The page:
In July 1946 British troops surrounded Tel Aviv in an effort to wipe out the headquarters of the Jewish underground fighters, who they assumed were somewhere in the city. Yitzhak Yzernitsky, one of the commanders of the underground group called the Lehi—otherwise known as the Stern gang—happened to be in Tel Aviv that day, to meet with Menachem Begin, the commander of the other underground group, the Irgun. Yitzhak Yzernitsky was disguised as an Orthodox rabbi in traditional dress, and he used the name Rabbi Shamir. A British detective officer, John Martin, identified him immediately in spite of his disguise and ordered his arrest. That he did so cost the detective his life. Two gunmen from the underground, dressed as tennis players, waited for Martin at the court of his tennis club on Mount Carmel, and there they shot him down.
Many years later Yitzhak Hasson, who had been in charge of intelligence for the underground, wrote that Shamir, who knew all the secrets of the underground, was lucky not to have fallen into the hands of security services like the ones he now presides over. For it never entered the minds of the British to torture Shamir in order to get information out of him. They blindfolded him with a smelly rag and took him to Damascus, where, befitting his status as a dangerous man, they put him on a special plane and sent him to a detention camp in Eritrea. Together with his friend Ben Eliezer, Shamir escaped from the camp in January 1947, to the French colony of Djibouti. The French governor described the two of them as follows: “They brought me these two guys—one with the face of an intellectual and the other, his bodyguard, with the face of a killer.” (The governor thought Ben Eliezer was an intellectual.)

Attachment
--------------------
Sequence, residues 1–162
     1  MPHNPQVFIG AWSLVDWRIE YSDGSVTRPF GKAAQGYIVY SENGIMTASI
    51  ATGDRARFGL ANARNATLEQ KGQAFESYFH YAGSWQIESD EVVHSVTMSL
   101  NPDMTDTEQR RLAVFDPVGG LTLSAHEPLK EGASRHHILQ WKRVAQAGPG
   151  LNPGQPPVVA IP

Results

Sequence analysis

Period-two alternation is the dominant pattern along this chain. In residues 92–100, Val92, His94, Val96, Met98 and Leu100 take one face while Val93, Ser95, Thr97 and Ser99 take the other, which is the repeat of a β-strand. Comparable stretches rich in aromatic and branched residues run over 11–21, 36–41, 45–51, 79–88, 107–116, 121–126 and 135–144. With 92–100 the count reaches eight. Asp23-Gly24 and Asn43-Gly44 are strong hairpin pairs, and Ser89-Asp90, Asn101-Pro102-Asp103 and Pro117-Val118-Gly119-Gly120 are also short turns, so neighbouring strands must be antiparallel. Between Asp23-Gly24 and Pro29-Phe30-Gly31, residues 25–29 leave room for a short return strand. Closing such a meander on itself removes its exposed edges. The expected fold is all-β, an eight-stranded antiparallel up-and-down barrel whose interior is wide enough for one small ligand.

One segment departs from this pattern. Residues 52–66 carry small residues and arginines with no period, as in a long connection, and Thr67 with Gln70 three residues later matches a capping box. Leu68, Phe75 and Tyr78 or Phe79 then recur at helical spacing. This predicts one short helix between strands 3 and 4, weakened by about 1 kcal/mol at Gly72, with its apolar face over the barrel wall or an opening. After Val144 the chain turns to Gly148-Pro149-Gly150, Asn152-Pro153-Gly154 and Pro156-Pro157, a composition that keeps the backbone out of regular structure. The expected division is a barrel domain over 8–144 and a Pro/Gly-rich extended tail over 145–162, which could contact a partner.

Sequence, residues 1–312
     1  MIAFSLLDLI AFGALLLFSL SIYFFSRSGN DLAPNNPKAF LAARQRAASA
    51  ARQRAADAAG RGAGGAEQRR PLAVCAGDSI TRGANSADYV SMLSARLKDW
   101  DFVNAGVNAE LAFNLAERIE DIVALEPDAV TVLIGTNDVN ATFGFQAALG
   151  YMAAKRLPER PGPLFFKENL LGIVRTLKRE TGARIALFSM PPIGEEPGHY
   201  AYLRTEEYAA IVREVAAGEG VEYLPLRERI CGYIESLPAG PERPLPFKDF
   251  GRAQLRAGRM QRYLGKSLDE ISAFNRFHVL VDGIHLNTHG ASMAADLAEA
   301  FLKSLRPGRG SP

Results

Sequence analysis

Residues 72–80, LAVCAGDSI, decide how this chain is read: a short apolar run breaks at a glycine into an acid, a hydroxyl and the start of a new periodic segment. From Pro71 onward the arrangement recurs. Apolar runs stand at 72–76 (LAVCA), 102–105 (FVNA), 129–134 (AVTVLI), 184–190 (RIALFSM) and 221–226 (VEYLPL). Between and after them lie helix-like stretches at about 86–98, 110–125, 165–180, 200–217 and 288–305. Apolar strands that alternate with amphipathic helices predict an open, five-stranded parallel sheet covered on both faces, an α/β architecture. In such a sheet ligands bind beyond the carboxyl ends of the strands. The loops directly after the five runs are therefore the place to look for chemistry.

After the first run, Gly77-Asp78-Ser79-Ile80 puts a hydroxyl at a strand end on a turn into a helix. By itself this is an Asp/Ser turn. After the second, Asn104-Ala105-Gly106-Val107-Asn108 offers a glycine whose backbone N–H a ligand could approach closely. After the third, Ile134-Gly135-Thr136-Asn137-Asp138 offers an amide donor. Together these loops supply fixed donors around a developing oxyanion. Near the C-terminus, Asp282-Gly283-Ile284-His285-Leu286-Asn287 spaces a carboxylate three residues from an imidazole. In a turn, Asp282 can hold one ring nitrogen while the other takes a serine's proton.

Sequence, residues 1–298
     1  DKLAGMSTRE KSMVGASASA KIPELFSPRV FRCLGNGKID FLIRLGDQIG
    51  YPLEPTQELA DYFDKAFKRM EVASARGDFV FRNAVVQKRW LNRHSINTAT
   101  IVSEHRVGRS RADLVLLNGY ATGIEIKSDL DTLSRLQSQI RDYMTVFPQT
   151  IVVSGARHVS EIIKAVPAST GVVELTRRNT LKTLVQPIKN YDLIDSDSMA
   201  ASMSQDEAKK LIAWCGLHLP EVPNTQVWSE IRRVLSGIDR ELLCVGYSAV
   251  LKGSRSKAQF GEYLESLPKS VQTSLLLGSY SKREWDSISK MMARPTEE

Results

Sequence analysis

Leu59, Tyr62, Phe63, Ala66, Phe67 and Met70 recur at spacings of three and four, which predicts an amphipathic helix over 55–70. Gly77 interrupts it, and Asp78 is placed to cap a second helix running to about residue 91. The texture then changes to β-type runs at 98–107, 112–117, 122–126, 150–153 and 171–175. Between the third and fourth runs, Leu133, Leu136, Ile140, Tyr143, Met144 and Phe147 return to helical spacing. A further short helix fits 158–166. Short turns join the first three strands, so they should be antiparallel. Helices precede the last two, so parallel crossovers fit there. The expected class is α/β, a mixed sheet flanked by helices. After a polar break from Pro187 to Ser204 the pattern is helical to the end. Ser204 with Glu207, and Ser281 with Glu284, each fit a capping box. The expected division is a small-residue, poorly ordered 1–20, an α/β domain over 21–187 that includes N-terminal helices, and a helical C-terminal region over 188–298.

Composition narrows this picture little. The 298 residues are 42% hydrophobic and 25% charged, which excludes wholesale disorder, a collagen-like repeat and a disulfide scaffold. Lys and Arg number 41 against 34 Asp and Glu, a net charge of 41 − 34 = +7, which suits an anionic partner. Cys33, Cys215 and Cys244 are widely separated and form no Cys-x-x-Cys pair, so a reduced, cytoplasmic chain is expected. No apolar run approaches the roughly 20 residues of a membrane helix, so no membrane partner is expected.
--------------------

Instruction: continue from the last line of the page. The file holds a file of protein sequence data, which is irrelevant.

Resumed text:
It is important for members of an underground, like members of the Secret Service—and Shamir was both—to have an appearance that does not attract attention. Shamir, however, has sharp, distinct features. His large head sits on a solid, dwarflike body. His jaw is square, and his eyebrows are especially bushy. Indeed, the first time Shamir wore a disguise, the uniform of a Polish officer, he was quickly spotted. In 1942, after he had escaped from the British Mazra prison in northern Palestine, and was walking along the road from Haifa to Tel Aviv, a former guard from the prison approached him and asked, “You’re in the Polish army? How did that happen?” Shamir uttered a Polish curse and ran away.
Prime Minister Yitzhak Shamir was born Yitzhak Yzernitsky in 1915, in the small Polish town of Rzhnoi. In his family he was known by the nick-name “Itzel.” The first name Shamir chose for himself in the underground was “Michael”—an interesting choice, for Shamir took the name from the Irish underground fighter Michael Collins, whom he greatly admired. Michael Collins, who had sprung de Valera from prison, headed the …
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